We may assume that the employee has the input and decision-making authority that is needed for them to do their job well. Inquiring specifically where they think improvements can be made can promote autonomy and intrinsic motivation within the employee. Their answers and insights may also reveal new opportunities that would’ve been missed otherwise.
Autonomy also means acting in alignment with one’s identity—i.e., they can do the job in a way that works for their personality, passions, and preferences. Poor productivity could result if there is a mismatch between the work and their authentic self. Curious listening can help the supervisor determine whether adjustments in the task or job description can produce greater alignment between the worker’s values, passions, strengths, and interests and their responsibilities. Though a 100 percent match is unlikely, the greater the alignment, the greater the employee’s intrinsic motivation will be. Failure to find or create significant alignment is a recipe for burnout over the long haul.
Relatedness refers to the meaning or importance of the work. The importance can be personal, interpersonal, and/or organizational. For example, the work may be very important to the employee so they can maintain their status, financial stability, or do the work they love. It may also be important because their work impacts others’ ability to do their job within the organization. The work may also have a meaningful impact on customers or society.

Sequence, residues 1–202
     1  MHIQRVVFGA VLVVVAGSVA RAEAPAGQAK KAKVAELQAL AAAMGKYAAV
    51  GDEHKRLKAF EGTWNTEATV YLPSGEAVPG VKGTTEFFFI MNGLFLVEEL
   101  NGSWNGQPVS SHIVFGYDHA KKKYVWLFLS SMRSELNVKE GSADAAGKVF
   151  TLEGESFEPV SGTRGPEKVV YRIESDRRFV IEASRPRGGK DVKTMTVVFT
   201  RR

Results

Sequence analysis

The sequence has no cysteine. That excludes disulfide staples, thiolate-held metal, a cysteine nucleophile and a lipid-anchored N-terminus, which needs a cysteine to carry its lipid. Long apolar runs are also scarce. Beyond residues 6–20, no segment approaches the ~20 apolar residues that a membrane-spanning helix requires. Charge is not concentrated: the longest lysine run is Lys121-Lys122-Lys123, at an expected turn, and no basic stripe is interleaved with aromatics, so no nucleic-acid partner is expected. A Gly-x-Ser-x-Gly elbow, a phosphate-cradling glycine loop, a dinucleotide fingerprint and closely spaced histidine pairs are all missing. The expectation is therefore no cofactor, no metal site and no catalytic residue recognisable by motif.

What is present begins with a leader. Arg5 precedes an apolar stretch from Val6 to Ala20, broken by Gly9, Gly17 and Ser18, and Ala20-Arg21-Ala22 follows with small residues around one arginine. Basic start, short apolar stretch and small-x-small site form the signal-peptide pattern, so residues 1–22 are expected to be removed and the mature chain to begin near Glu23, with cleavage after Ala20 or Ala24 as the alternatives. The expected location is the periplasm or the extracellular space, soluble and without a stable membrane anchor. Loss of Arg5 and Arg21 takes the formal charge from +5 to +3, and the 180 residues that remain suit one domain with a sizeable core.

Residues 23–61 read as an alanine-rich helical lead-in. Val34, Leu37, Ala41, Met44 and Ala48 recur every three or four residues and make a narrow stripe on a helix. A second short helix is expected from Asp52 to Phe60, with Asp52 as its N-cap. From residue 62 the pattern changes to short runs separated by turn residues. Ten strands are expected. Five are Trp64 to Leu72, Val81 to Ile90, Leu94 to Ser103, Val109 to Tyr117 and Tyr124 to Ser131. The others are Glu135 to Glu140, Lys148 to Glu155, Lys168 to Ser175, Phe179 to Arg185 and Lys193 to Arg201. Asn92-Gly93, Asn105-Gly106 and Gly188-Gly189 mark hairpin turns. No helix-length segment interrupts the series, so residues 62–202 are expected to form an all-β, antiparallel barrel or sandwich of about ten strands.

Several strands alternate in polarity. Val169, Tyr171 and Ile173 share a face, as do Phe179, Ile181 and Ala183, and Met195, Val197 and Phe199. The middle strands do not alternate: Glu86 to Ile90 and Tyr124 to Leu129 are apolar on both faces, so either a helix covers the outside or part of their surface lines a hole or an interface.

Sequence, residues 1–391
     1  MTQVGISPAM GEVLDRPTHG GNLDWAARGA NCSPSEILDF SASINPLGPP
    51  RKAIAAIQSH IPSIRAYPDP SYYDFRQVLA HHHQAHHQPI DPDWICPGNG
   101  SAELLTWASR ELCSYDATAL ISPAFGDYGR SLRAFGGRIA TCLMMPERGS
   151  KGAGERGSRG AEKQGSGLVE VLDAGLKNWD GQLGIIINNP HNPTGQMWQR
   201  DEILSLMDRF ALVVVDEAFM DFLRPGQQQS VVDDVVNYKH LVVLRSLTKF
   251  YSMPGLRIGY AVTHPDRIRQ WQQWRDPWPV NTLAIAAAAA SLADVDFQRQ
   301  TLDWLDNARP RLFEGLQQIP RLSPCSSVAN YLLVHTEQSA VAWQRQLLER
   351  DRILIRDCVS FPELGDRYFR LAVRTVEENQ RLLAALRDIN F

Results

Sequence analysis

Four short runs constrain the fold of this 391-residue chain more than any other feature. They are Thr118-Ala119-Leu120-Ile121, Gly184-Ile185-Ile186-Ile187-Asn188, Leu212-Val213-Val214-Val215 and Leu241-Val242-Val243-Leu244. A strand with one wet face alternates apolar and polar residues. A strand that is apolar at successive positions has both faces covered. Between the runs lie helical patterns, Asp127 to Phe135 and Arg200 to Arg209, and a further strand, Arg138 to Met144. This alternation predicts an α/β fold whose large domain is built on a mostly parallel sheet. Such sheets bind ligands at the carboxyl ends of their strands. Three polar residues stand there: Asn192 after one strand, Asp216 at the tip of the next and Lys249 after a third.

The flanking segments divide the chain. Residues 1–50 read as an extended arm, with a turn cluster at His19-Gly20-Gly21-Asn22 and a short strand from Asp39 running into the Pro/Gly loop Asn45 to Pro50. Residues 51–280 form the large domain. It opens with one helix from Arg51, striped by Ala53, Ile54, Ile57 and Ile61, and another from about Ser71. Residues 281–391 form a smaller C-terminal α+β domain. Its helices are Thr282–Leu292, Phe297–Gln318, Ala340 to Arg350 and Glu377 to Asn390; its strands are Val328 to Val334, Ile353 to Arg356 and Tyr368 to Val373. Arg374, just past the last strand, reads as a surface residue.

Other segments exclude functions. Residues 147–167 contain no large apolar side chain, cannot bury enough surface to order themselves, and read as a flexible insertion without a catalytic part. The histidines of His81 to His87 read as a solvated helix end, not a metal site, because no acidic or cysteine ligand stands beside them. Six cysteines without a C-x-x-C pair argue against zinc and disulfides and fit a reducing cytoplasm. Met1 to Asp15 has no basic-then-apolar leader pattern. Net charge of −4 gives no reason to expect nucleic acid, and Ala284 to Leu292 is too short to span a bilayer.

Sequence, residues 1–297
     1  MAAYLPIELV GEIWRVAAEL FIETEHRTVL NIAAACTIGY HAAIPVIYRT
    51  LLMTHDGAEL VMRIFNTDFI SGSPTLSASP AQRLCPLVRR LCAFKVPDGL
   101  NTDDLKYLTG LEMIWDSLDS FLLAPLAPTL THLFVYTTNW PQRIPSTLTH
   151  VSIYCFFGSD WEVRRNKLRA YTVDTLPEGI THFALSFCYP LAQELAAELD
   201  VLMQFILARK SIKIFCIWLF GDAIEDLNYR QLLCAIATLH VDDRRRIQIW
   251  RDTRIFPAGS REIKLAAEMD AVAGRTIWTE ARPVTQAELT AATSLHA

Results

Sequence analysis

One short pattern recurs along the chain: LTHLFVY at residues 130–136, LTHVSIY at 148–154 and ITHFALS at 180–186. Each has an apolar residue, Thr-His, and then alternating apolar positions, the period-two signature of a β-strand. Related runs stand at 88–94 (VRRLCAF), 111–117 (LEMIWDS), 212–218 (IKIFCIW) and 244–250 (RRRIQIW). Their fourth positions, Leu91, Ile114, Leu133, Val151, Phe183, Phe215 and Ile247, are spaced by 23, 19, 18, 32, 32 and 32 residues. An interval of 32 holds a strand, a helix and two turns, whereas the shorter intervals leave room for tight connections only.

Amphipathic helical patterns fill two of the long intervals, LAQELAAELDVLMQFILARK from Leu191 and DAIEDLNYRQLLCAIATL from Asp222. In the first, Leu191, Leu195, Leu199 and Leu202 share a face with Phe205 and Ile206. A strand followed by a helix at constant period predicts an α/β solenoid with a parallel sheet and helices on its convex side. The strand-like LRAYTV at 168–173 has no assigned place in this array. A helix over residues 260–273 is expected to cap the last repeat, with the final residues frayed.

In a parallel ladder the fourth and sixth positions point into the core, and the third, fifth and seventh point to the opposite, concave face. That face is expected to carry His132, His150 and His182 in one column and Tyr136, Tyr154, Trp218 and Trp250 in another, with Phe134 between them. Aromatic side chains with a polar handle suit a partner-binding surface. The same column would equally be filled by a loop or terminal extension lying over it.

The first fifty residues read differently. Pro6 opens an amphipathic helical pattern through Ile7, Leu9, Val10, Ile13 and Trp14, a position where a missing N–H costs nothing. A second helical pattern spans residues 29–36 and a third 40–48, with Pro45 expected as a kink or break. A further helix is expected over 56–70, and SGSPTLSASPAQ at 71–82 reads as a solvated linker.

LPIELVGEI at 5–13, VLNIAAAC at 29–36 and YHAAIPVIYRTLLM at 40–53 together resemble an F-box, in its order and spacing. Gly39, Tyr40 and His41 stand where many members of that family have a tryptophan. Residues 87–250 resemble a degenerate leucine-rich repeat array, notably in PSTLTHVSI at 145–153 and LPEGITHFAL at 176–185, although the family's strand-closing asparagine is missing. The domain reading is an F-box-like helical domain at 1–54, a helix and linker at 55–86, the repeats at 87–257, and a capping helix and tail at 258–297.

Employers may assume that this importance is evident to employees, but that may not always be the case. Helping employees experience first-hand the importance of their work increases intrinsic motivation.
Supervisors may also assume that the work is meaningful to the employee since it is meaningful to them. You might be saving lives, but if the employee cares more about creating art or saving endangered species, you may have poor alignment in relatedness that will not be solved by more visits to hospitals or nursing homes.
Deep listening enables the possibility of alignment of values, passions, and strengths with their responsibilities. Novel roles and opportunities can be discovered by tapping into hidden strengths and passions to address existing challenges. For example, the aspiring artist might enjoy contributing to visual media and communications projects, especially if professional education opportunities are provided to support the success of the new venture. While they nominally may spend less time focused on their other duties, their energy and motivation may elevate and pay off in the long run.
Though such efforts are not guaranteed to improve motivation, a sincere and good faith effort to honor others’ needs and development builds trust and commitment, also important factors in employee motivation. Such behaviors are not lost on others and are worthy investments in organizational culture.
And as the great Peter Drucker once said, “Culture eats strategy for breakfast.”
Deci, E. L., & Ryan, R. M. (1985). Intrinsic Motivation and Self-Determination in Human Behavior. New York: Plenum Press. http://dx.doi.org/10.1007/978-1-4899-2271-7
Itzchakov, G., & Avi) Kluger, Avraham N. (2018). The Power of Listening in Helping People Change. Harvard Business Review Digital Articles, 2–7.